10. "Bette Midler does a great job on that number. " Indeed. That woman has both panache and pizzazz.
  11. Re "Minnie", The St. Rita's Brassmen Alumni, for one:
  12. "I was a Precisionaire fan in the 70s too." Me, too. The Osage Precisionnaires were probably the single most underrated drum corps in the history of the activity. One small example: Squib Cakes - They played it better than T.O.P., not to mention the other more prominent corps who tried to capture that Funk feel.
  13. "...and then at Finals some weird changes happened, especially with Cavies. RC went from 7 to 9 " Two words: Tick System
  14. "...a deal that DCI made with a certain PA corps to make top 12, which they did. " Had I known it was possible to make such a "deal " it would have saved me and several of the corps I taught a good "deal " of time and effort over the years. Conspiracy theories abound in drum corps, and it is ever so. Finleyville was a very good corps in 1975, deal or no deal.
  15. 1971...Blue Rock...Wilmington, DE: At the 10:50 mark on this clip... Requiem for the Masses - arr. by Elmer "Red" Winzer
  16. Today is Memorial Day. About an hour ago, thousands of musicians across the continental US completed a rolling sounding of Taps, each playing at precisely 3:00 PM, local time. Jari Villanueva, with the help of the folks at the CBS Evening News, organized "Taps Across America". If you are reading this, you have some connection to the drum corps activity, probably as a performer at some point or currently. The bugle is your heritage and Taps its most iconic call, having been designated the National Song of Remembrance by the US congress only a couple of years ago, at the urging of the aforementioned Sgt. Villanueva who had sounded that call over 5,000 times at Arlington. This designation was just a formality, of course, recognizing the function the 24-note melody had been serving since General Butterfield and his bugler, Oliver Wilcox Norton, created it in 1862. What has this to do with you? Everything. The bugle is the very foundation of the activity in which we all share. Should you wish to acknowledge that, and providing it's not after 10:00 PM where you are, pick up an instrument (any instrument) and sound those 24 notes. It's honoring our fallen heroes on this Memorial Day, and echoing all the others who have rendered that call all across the country.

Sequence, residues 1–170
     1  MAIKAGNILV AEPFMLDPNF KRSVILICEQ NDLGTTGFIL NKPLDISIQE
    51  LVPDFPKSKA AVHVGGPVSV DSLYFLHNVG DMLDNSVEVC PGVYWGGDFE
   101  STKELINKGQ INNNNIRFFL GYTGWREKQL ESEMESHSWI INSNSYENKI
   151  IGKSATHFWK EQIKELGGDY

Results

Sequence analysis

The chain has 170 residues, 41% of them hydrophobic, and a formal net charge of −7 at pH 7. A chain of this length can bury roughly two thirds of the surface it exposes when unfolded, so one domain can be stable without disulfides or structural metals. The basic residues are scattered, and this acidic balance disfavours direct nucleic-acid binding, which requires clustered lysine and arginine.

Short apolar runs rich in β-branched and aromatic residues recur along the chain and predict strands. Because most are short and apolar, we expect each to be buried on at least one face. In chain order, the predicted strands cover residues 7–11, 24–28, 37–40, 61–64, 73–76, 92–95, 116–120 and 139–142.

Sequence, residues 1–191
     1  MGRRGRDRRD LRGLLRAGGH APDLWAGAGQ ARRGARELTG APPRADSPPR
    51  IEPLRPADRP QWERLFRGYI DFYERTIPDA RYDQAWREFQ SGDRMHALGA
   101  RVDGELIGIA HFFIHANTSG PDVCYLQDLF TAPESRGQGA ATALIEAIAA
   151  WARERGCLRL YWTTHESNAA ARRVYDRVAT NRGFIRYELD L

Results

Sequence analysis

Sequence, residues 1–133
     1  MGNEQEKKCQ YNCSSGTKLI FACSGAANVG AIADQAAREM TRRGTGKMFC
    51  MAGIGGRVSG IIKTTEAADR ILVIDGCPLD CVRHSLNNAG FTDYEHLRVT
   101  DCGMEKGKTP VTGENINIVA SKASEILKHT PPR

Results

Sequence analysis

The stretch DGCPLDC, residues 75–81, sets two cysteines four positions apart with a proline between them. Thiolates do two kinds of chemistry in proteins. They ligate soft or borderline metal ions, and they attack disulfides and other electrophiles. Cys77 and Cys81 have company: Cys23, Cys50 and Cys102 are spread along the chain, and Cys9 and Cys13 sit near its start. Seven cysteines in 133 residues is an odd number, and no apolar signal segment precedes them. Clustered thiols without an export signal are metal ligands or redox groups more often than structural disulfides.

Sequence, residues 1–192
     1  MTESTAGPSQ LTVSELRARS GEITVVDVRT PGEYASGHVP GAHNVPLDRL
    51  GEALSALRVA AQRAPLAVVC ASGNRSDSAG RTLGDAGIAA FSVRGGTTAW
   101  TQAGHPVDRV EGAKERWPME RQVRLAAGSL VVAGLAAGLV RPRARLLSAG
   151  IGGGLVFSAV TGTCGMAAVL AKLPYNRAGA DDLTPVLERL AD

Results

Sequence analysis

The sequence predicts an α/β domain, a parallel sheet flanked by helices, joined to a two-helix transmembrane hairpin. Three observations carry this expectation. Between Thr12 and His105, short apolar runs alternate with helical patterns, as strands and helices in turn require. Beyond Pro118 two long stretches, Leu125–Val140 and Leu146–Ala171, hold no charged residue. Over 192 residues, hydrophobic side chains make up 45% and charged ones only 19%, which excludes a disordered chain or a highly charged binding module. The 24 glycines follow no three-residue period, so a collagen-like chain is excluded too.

17. Good question. Here's a clip from 1977 DCA Finals in Allentown with only the 50 marked:
  18. A lesson for all young whippersnappers out there: There is no finish line. The show goes on forever.
  19. This topic caught my eye right away, though my experience was a bit different. Due to a quirk of fate (and some string-pulling), my 142nd Armored Division tank unit included a number of vets from corps like the Smithtown Freelancers, Oceanside Legionnaires, Sunrisers, Lindenaires and Cabs. On our own time we put together a mini parade corps and then convinced the First Sergeant (the head string-puller, actually) that our unit's prestige would be enhanced if we played the various ceremonies, formations and other gatherings that came up. This extra duty kept us out of the smelly old tanks once in a while and also earned us some occasional leave (to go to drum corps events, of course). With one snare, one leg tenor and one bass, three sops and two baris, our big numbers were "Under the Double Eagle", "The Thunderer", "Baby Elephant Walk" and "Yellow Submarine" which we re-titled, "Tank That's Painted Green". Think 4077 M.A.S.H., with bugles.
  20. I'm trying to imagine a world without the irreplaceable Kenny Norman. Incomprehensible. Some are hearing MacArthur Park in their heads. For me, it's Auld Lang Syne.